TORONTO, Dec. 21 /CNW/ - The influx of new wind and other renewable generation is being enabled by steps behind the scenes to ensure the reliable operation of Ontario's electricity system into the future. In its most recent Ontario Reliability Outlook, the Independent Electricity System Operator (IESO) highlights the progress made in creating a cleaner, more sustainable electricity system, and the challenges ahead to manage a new, more variable supply mix.
"Ontario's electricity system is transforming - it's becoming more variable, diverse and participatory, with consumers poised to take an increasingly active role in their energy use decisions," said Paul Murphy, IESO President and CEO. "These changes will have a profound impact on the way the province's electricity system will be managed and are requiring the industry to rethink how it provides a reliable electric service."
The 2009 Ontario Reliability Outlook comes on the heels of the announcement by the Ontario Power Authority about the first wave of applications to its Feed-in Tariff (FIT) program. The positive response to the FIT program will accelerate the shift within Ontario's supply mix from larger and flexible power generation to smaller, more numerous renewable sources of energy production. The Outlook examines four areas key to the renewal of Ontario's electricity sector.
- Transmission: Timely and appropriate approval processes are needed to
ensure that transmission capabilities are ready in time when new
renewable generation comes on line.
- Integration: As FIT projects come into service, Ontario's current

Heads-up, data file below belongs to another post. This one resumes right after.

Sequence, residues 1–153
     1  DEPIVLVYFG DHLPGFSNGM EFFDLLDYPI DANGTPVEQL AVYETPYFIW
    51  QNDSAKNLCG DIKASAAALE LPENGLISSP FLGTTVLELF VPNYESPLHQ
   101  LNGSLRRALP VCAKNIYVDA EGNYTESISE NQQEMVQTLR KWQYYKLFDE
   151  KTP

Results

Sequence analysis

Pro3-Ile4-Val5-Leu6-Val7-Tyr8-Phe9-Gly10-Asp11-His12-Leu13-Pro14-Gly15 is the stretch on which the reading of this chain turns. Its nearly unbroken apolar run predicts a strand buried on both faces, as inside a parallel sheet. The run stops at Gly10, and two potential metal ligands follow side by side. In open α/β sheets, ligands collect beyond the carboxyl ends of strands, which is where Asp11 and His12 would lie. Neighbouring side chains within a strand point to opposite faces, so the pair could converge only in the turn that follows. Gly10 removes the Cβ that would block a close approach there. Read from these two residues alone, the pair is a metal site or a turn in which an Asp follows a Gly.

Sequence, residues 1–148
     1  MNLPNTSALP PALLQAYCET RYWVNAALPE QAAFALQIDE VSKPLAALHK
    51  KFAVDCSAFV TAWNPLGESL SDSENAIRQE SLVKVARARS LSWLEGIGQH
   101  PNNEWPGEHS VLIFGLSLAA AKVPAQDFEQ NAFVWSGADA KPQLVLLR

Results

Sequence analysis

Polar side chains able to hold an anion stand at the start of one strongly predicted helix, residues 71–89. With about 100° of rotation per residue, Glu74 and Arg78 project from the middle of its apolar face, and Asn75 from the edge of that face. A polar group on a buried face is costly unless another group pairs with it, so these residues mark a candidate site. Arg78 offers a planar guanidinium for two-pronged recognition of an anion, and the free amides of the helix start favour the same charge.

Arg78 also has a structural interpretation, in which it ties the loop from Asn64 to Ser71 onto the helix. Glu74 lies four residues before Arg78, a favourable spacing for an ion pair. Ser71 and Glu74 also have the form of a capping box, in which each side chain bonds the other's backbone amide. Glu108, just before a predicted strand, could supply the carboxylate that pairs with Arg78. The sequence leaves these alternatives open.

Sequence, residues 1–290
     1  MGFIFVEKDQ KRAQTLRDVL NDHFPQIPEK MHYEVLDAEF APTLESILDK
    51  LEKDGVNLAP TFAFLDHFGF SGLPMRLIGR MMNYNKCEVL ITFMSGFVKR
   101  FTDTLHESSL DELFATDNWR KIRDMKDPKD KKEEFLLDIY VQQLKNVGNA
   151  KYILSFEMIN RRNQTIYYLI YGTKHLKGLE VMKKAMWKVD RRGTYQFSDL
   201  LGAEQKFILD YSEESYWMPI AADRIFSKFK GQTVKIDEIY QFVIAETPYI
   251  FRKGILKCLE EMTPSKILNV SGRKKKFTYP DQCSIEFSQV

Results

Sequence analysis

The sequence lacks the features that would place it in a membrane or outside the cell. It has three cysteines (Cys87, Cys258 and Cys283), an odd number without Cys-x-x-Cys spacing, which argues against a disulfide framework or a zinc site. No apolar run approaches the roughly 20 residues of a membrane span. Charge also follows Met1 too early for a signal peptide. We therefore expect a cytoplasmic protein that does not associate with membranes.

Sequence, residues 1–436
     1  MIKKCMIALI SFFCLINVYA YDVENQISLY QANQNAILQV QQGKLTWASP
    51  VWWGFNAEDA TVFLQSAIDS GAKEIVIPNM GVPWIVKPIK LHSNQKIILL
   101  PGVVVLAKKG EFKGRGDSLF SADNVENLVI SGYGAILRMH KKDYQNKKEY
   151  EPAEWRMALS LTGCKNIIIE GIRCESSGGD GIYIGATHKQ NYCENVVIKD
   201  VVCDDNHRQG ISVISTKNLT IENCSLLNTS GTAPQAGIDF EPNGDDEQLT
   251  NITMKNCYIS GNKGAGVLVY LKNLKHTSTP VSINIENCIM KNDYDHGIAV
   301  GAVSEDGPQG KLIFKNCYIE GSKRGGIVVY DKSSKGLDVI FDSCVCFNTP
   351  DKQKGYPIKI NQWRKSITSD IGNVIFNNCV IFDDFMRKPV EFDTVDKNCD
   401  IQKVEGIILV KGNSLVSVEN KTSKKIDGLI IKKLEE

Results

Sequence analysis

fleet of 1,200 MW in wind capacity will expand significantly. The
IESO is continuing its work with partners to maximize the flexibility
of all resources to address the increased variability within the
- The Consumer: Demand response represents a flexible resource that can
have a much greater influence in maintaining system reliability.
- Resource Adequacy: While new resources are contributing to a positive
reliability outlook over the next five years, meeting adequacy
requirements beyond 2014 is less certain.
"Much has been achieved over the last few years: the phase-out of coal generation is on track; the province's gas generation fleet is maturing; more than three million smart meters have been installed across the province; and Ontario leads the country in wind generation," said Murphy. "This is just the start - these changes set the stage for innovative approaches to the production, consumption and management of the province's electricity supply."
The Ontario Reliability Outlook reports on progress of the interrelated generation, transmission and demand projects underway to meet future reliability requirements. The December 2009 report is available for download at: www.ieso.ca/reliability.outlook.
The IESO is responsible for managing Ontario's bulk electricity system and operating the wholesale electricity market. For more information, visit www.ieso.ca.
SOURCE Independent Electricity System Operator
For further information: For further information: Alexandra Campbell, (416) 506-2806